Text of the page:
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The lessons of full-day kindergarten

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Thousands of parents, practitioners, experts and policy people contributed to the report, With Our Best Future in Mind, tabled four years ago, laying out how Ontario should move to full-day kindergarten. Even the most optimistic among us could not have anticipated the remarkable results of the McMaster and Queen's universities' research released a few days ago.

Before full-day kindergarten was on offer, 27 per cent of Ontario children entering Grade 1 were vulnerable, at risk at failing before their first day in school begins. Research also shows that too many of these children never catch up. The families whose children are dealing with language, social competence or emotional maturity issues know the human costs of these consequences. And the fiscal and economic consequences of inattention to these children who are left behind are a fiscal and economic catastrophe.

That is why these research results are off-the-charts encouraging. When looking at the evidence, the number of children with risk factors who have had two years of full-day kindergarten has dropped from 27 per cent to 20 per cent. Even after one year of Ontario's world-class play-based learning program led by our highly competent early learning educators, risk in the area of language and cognitive development has plummeted a stunning 75 per cent. Equally remarkable is that after two years, risk in the areas of social competence and communication skills has been reduced by half.

These results are especially surprising given the complexity of implementing a brand new program in such a short time -- from the tabling of our report in 2009 to the onset of implementation in September 2010.

Naturally, there have been some bumps. Our report recommended that child-care reforms begin in tandem with the introduction of full-day learning. Our current non-system of child care remains too painful for too many families. Until we build a high-quality, affordable and publicly managed system of child care, ridding the province of the often horrific consequences of unregulated child care will remain a challenge.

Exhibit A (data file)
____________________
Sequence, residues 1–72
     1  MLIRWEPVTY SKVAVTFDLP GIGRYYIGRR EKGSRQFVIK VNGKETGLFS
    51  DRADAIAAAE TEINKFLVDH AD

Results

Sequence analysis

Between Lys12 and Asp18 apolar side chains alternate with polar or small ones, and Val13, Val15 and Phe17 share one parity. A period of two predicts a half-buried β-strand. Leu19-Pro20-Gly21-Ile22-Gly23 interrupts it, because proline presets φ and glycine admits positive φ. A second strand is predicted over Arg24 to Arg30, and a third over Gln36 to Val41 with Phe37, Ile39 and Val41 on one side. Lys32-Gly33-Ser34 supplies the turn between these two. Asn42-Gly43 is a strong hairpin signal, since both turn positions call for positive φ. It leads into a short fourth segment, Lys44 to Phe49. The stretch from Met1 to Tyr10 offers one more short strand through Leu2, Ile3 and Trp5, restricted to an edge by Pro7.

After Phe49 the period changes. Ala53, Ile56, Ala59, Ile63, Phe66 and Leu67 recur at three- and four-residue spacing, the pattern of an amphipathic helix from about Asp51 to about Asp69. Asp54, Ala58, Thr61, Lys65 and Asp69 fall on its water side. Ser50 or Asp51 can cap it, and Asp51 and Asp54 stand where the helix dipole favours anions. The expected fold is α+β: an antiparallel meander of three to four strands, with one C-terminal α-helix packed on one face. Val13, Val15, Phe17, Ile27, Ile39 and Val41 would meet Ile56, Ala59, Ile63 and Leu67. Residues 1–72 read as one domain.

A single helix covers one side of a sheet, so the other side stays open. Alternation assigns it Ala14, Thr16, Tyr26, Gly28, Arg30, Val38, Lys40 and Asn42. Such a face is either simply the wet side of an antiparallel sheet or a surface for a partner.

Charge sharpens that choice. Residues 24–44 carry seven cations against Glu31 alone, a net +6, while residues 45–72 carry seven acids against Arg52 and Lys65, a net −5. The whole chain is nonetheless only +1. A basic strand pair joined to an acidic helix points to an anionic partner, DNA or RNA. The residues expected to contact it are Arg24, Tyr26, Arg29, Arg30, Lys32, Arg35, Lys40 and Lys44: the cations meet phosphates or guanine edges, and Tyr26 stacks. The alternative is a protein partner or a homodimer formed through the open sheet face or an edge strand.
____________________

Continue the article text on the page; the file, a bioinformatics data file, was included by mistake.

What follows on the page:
Our Best Future was also clear about the need for a seamless extended day with school boards providing a consistent high-quality program provided by a single team of early-learning educators. Short-sighted school boards and high-powered lobbying allow boards to use third-party operators to continue the before-and-after child care. We wanted to ensure that the benefits of full-day kindergarten weren't undone by the fragmented offerings of third parties. The school boards that are getting the seamless-day job done properly have created a better program and tons of new child-care spaces without waiting lists.

The results of this new research regarding the benefits of full-day kindergarten are worthy of some domestic cork-popping and global attention.

Naturally, there will be naysayers.

To those who say "my kids aren't ready," who isn't ready for a play-based program with nutrition and rest breaks as necessary? To date, 96 per cent of kids who have access to full-day kindergarten are participating in this voluntary program.

To those who say "this is a huge amount to spend," the economic evidence notes that the return on investment will be huge and the program is already paying back the initial investment.

To those who use irrelevant American research based on a country that does not have full-day kindergarten for 4- and 5-year-olds or a consistent, high-quality curriculum, to discredit these results I say do some real research.

And to those who say we should only target poor children, it's important to understand that 60 per cent of the 27 per cent of kids who were vulnerable going into Grade 1 at the beginning of implementation do not come from low-income homes. A universal approach with special initiatives for low-income families is the winning combination.

All governments are good at making policy. Some are even good at making good policy. But taking ideas off the page of a report and putting them in motion on the ground is rarely a pretty sight. In this case, there is so much to celebrate as more and more kids reap the benefits of improved health, communication and social skills that not only better prepare them for formal school but for life.


Charles Pascal is a professor at OISE, University of Toronto and former early learning adviser to the premier of Ontario.

Editorials are the consensus view of the Winnipeg Free Press’ editorial board, comprising Catherine Mitchell, David O’Brien, Shannon Sampert, and Paul Samyn.

Republished from the Winnipeg Free Press print edition September 7, 2013 A15

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